Home' Island Sun : ISN 091815 Contents 37
ISLAND SUN - SEPTEMBER 18, 2015
Arecent client sent me a cover letter with her worksheet
detailing her holdings and what she wanted to accom-
plish in her estate plan. “Since the estate tax exemption
is over $5 million now, I believe that my IRA doesn’t pay any
taxes when I leave it to my children since my total estate is less
than that amount...”
Right. But wrong.
She was right in the sense that her estate is unlikely to pay
any federal estate taxes. She is wrong in the sense that the
income taxes that occur when the IRA balances are withdrawn
will still be paid by the recipient.
This is another instance where people become confused over the difference
between estate taxes and income taxes. Estate taxes are a tax on the value of the
deceased’s balance sheet. The balance sheet is, in essence, one’s total net worth.
Total assets less total liabilities. It is valued as of the date of the deceased’s death. If
the deceased’s net worth exceeds the available estate tax exemption amount, then an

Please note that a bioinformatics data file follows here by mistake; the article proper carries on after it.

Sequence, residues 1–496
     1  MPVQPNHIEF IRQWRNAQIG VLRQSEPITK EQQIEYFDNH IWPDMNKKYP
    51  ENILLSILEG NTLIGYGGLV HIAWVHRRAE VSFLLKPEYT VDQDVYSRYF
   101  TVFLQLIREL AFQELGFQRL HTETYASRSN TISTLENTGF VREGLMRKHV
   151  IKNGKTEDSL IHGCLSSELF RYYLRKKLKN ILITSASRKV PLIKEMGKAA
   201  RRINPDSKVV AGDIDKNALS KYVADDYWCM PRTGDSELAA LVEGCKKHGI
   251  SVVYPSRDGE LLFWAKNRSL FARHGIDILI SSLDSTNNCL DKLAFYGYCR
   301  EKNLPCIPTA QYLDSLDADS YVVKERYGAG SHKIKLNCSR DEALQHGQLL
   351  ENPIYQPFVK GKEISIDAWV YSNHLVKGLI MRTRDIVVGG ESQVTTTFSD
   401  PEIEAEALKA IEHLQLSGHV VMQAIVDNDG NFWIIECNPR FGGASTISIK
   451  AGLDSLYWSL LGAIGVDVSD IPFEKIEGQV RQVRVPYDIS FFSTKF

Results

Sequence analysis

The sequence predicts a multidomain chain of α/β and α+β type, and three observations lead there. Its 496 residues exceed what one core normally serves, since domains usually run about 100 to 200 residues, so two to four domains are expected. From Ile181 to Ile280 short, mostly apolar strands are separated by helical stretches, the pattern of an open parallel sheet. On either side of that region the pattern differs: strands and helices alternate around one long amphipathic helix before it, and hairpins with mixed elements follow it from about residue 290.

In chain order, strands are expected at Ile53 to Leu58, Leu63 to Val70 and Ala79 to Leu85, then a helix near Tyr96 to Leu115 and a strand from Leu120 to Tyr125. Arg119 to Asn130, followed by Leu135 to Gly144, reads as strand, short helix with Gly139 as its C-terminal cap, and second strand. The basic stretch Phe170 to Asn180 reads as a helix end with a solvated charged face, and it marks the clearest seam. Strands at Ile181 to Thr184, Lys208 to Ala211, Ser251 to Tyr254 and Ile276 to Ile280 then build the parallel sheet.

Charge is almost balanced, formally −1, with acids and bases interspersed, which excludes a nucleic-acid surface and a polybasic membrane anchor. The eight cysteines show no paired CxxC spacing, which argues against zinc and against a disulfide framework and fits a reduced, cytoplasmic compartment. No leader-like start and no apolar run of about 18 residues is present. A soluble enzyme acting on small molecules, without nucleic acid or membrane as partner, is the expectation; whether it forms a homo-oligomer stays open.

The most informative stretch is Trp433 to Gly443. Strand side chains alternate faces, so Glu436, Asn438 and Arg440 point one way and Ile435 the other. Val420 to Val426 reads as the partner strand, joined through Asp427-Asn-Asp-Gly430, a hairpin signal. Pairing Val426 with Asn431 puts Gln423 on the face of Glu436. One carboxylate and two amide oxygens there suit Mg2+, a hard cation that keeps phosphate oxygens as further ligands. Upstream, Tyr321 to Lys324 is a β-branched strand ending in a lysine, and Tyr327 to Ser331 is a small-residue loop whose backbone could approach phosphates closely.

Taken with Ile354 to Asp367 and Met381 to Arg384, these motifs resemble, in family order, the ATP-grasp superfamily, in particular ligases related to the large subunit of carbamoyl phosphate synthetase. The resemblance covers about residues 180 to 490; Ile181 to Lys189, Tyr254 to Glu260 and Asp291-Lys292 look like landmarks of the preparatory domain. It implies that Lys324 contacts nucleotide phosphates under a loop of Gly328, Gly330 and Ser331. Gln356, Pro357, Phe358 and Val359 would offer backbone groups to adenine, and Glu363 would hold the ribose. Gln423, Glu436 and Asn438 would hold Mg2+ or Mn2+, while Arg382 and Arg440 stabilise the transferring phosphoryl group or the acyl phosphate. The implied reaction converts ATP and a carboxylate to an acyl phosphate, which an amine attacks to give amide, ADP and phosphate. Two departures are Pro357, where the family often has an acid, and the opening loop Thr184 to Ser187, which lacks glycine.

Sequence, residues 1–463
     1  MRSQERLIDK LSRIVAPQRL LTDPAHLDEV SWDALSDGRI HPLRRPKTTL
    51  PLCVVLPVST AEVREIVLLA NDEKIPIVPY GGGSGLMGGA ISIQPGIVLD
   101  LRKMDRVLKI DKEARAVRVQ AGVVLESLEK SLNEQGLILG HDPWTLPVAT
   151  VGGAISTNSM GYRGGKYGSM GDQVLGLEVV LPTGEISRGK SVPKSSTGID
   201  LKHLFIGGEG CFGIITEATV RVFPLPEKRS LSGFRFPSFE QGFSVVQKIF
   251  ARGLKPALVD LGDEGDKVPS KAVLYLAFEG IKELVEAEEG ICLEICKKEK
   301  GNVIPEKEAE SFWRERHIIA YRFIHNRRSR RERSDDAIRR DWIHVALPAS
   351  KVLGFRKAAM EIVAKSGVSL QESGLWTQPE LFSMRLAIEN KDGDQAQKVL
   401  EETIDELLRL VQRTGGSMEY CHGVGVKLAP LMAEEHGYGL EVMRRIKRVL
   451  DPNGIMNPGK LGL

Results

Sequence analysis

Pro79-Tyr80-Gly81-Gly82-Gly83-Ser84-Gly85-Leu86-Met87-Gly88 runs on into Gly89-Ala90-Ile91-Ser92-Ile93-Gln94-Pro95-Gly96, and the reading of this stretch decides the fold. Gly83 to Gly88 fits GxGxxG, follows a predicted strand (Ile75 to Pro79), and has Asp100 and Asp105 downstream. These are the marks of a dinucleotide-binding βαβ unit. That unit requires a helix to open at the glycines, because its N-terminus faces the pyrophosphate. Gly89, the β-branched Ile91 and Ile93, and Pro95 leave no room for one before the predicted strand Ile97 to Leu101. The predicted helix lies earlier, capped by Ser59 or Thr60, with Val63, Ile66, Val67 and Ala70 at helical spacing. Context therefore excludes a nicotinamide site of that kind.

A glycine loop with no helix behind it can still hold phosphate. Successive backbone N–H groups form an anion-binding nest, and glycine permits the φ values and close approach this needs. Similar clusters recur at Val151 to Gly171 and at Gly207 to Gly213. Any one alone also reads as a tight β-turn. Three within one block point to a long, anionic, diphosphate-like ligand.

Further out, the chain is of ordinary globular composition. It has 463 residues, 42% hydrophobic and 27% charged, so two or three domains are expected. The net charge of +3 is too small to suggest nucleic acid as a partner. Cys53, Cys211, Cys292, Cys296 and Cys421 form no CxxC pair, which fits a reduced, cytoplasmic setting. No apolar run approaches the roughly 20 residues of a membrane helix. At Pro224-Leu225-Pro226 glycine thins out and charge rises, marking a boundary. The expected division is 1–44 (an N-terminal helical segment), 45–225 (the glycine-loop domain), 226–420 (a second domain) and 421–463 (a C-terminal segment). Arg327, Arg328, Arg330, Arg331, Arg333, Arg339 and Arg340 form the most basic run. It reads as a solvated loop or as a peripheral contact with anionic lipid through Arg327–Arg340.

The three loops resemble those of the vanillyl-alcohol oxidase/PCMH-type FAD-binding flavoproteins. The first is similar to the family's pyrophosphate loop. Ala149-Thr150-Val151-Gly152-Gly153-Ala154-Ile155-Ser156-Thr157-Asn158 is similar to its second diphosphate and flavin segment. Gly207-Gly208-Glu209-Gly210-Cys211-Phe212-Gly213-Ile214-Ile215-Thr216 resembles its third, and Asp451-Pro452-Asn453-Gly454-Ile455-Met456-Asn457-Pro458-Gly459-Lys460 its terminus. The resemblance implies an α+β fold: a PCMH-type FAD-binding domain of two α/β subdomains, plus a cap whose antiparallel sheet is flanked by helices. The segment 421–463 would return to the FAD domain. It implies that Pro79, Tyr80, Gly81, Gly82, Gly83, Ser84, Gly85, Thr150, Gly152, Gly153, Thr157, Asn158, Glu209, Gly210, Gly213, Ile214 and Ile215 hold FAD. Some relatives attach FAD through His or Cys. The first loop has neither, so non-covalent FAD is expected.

estate tax is imposed.
This is not to be confused with the income taxes, which, as defined, are a tax on
the income statement. Certain types of assets carry with them unrealized ordinary
income that has yet to be taxed but will be upon the decedent’s death, no matter the
value of the decedent’s balance sheet.
Assume, for example, that Teresa dies with a total net worth of $3.5 million,
but included in that net worth is a $600,000 Traditional IRA account (as opposed
to a Roth IRA account) naming her daughter Shannon as the beneficiary. The IRA
becomes an “Inherited IRA” to Shannon. Shannon will be required to take Required
Minimum Distributions (RMDs) each year based upon her age, even if she has not
attained age 70 yet. This is because with Inherited IRAs the recipient must begin tak-
ing RMDs in the year following the account owner’s death, which is calculated on a
“Single Life Table” issued by the IRS.
Assuming that Shannon is aged 52 as of her mother’s death, the divisor is 32.3
according to the table. The calculated RMD is therefore $18,576. ($600,000/32.3).
Shannon must include the $18,576 on her IRS Income Tax Return Form 1040 as
this is taxable income to her even though her mother did not have a taxable estate for
federal estate tax purposes.
In the Internal Revenue Code, Traditional IRAs are known as “Income in Respect